Yesterday afternoon I introduced my 9 year old granddaughter, Keara, to bees by taking her to Portland, getting her dressed in my Large size astronaut suit (with plenty of room to spare!) and leading her down through the garden plots to the apiary. Keara had her Ma’s massive camera with her and took lots of photos that I haven’t seen yet.
We opened the National. This was the second time the hive had been opened that day as Bee Inspector Kevin Pope had been through them with me in the morning. To my relief he pronounced them free of EFB, but they are still in a bad way with an overdose of varroa with which they are coping badly. It is necessary to treat them soon if they are to recover sufficiently to raise winter bees so the purpose of the visit with Keara was to add a clearer board so as to remove the 3 supers of honey.
This morning I visited again, this time with my apprentice, Yvonne, who is a member of the Community Trust and an allotment holder. I had filled my car with extractor, fruit press and ripener. She had a wheelbarrow and some plastic crates in hers. Delving into the communal shed she found the varroa tray and a beesuit and smoker (we didn’t use the latter). We then made our way to the hives.
First we opened the Top Bar Hive. Earlier in the season it was doing rather well, but now it is totally broodless (Kevin says that’s happened a lot this year but is new in my experience) and diminishing in numbers. We carved off the comb worth harvesting and dropped it in one of the plastic crates. Yvonne had scrumped a couple of melon leaves to use as bee brushes to get rid of bees on the comb. It worked.
Then we opened the National. Thanks to Mr Porter (inventor of the bee escape) the supers were virtually free of bees and we transferred them to the wheelbarrow. Then I removed the clearer board and placed on the wire queen excluder a couple of tea bags I took from a sellotaped tin. They had been conventional tea bags only a couple of hours earlier, but then I cut them open, removed the contents to use via a strainer, and replaced the tea with a couple of teaspoons of thymol crystals in each one, re-sealing the bags with an office stapler.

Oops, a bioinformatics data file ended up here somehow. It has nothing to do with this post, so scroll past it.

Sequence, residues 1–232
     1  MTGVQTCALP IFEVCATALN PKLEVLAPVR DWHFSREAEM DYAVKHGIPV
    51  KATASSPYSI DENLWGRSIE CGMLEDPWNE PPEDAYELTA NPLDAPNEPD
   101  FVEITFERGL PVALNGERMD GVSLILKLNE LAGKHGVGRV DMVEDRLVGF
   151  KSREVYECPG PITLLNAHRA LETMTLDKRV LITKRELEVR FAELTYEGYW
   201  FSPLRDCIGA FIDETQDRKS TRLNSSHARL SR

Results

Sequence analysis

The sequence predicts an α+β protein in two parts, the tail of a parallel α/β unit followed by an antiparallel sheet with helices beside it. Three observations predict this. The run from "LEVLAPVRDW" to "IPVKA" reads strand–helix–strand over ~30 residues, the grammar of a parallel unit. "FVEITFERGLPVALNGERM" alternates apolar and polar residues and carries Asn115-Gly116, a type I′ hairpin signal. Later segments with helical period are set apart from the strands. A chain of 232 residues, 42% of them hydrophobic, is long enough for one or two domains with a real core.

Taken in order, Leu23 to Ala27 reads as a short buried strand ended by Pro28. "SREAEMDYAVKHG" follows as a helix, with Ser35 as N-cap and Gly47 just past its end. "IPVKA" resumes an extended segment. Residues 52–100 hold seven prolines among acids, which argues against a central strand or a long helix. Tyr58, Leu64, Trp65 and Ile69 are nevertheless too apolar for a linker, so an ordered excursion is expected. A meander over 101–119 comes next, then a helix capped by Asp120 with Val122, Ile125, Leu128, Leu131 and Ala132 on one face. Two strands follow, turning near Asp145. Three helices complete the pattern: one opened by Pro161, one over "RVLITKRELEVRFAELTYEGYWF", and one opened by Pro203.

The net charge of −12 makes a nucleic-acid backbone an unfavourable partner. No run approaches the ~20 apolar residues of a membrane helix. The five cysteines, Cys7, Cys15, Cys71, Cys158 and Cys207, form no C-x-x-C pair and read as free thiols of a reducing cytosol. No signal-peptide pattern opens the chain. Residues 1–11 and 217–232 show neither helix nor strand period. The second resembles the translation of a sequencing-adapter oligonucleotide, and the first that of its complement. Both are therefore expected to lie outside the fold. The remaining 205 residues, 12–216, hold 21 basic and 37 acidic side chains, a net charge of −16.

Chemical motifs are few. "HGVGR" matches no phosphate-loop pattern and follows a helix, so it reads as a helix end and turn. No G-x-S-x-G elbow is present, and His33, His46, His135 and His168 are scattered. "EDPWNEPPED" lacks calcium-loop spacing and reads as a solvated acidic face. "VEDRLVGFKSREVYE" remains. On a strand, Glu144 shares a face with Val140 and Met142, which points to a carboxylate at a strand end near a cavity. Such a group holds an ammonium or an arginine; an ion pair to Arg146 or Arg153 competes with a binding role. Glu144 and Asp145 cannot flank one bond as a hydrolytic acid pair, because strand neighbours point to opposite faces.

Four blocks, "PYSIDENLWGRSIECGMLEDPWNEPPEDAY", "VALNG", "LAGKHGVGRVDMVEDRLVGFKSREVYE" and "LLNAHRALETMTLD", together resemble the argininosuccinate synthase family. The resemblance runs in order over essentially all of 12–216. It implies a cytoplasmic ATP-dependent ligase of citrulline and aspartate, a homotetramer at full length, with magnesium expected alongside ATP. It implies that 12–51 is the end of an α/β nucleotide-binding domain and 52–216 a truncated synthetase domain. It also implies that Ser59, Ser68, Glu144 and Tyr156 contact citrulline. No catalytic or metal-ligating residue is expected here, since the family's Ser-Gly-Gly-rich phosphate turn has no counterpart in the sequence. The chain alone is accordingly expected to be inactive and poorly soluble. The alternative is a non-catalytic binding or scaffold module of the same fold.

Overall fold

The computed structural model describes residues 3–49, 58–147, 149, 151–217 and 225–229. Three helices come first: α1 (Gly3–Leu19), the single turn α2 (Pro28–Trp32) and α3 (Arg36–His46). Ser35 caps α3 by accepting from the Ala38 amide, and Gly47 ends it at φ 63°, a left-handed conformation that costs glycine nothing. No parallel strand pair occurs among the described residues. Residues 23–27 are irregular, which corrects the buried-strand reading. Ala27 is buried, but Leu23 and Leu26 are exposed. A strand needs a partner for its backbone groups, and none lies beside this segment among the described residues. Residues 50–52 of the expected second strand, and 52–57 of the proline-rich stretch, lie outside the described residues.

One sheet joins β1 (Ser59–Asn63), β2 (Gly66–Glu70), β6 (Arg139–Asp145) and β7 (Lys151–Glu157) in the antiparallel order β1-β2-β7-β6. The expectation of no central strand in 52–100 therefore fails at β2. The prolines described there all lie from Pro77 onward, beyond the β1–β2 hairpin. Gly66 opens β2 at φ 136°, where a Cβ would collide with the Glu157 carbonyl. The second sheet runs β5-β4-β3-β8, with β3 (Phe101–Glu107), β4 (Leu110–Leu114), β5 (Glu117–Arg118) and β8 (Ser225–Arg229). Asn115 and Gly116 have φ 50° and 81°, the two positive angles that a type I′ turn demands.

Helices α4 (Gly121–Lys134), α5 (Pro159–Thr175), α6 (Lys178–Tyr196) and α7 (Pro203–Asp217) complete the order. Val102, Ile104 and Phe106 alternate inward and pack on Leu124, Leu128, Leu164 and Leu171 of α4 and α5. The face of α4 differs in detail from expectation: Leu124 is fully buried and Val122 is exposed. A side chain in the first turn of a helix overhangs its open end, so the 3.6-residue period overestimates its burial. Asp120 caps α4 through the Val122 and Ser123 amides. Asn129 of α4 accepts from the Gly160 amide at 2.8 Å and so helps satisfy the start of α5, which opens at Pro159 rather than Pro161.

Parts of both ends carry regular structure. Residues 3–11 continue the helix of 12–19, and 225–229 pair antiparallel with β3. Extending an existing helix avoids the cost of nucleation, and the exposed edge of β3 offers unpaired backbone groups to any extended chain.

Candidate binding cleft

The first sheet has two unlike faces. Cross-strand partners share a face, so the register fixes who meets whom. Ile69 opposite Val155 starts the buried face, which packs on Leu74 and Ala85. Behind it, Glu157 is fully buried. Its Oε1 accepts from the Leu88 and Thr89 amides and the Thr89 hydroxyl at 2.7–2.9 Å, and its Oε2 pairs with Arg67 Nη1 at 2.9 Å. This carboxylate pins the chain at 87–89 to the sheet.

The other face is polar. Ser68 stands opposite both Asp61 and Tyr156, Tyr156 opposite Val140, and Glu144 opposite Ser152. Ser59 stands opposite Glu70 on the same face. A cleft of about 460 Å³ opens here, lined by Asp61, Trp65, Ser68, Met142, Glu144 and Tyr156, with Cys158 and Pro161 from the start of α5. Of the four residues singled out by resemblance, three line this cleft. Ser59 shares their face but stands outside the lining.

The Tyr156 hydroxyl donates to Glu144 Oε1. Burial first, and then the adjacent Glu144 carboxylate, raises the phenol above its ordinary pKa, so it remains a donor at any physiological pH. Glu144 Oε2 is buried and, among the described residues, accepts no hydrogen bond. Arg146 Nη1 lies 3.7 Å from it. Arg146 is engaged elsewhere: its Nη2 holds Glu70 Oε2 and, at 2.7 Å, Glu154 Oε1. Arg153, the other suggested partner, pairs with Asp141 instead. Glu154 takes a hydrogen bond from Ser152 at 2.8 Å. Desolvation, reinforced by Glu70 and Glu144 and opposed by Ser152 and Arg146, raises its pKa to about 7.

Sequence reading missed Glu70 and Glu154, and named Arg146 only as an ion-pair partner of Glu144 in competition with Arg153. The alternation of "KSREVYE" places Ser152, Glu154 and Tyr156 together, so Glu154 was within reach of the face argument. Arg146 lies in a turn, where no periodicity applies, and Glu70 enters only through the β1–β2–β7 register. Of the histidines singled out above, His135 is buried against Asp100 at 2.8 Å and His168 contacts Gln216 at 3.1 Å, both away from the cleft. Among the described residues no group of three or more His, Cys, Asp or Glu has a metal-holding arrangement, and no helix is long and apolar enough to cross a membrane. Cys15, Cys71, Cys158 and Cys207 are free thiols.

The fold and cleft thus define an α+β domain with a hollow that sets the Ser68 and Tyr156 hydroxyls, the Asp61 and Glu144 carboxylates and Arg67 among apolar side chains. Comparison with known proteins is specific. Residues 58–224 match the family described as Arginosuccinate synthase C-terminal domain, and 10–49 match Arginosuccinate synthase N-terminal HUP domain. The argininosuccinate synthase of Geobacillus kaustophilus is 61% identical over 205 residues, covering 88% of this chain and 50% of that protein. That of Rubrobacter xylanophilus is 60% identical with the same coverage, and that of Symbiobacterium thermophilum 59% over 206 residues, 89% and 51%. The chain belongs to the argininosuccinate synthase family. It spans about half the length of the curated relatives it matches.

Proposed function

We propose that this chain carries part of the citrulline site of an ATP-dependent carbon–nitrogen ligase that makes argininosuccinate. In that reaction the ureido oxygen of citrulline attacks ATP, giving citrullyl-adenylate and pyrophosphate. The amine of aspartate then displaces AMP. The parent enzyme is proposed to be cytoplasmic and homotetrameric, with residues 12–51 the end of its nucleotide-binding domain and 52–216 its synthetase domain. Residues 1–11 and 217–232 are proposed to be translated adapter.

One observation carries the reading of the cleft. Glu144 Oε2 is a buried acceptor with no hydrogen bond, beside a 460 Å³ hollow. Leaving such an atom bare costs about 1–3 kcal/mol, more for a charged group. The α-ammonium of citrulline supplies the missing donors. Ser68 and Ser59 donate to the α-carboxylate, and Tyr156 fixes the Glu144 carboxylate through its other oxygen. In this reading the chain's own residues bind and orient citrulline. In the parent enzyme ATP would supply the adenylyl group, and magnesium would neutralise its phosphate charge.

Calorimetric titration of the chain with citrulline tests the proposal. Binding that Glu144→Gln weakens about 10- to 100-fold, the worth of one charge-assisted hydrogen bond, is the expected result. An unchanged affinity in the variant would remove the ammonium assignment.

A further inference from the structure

We put the Varroa tray in place and Yvonne will visit daily, count and remove fallen mites and make a note of the numbers.
INTERRUPTION – I’ve just noticed a hedgehog by my feet! I’ve fished my mobile phone/camera from my pocket and in those few seconds he’s disappeared! I shall continue until it reappears.
Continuing: It was jolly hard work getting those supers up the steep slope to the cars! First we took it in turns and then, for the really steep bit, Yvonne pulled while I lifted and pushed. En route we went for a short distance along the Incline railway: there aren’t many railways as inclined as that – about 30 degrees!
It all fitted into the back of her car and we went in convoy along the tortuous route to her house, which has the steepest garden I know – at least 45 degrees. We were met in her kitchen by her chickens to whom I was introduced, one called Paxo I think and I’ve forgotten the other. Currently they earn their keep at an egg a day each, but Christmas is coming!
After discussion over a cup of tea (thymol free!) and examination of the harvest, we decided that it wasn’t worth using the extractor or press. By bathroom scale measure, the honey fit for harvesting will be about 66 pounds including frames and wax. One of the supers was of unsealed honey so we sealed it in a plastic bag to replace when the thymol treatment has finished and the fumes gone.
The rest will be dealt with by Yvonne in the way we did last year (if memory serves) by scraping the combs down to the midrib with an ice cream scoop and draining/straining. The comb honey from the TBH will be squoze by hand. Yvonne’s a big strong girl and can do these things. I did suggest, in the interest of hygiene, that she bans the fowls from the kitchen during the work.
Now to play ‘hunt the hedgehog’!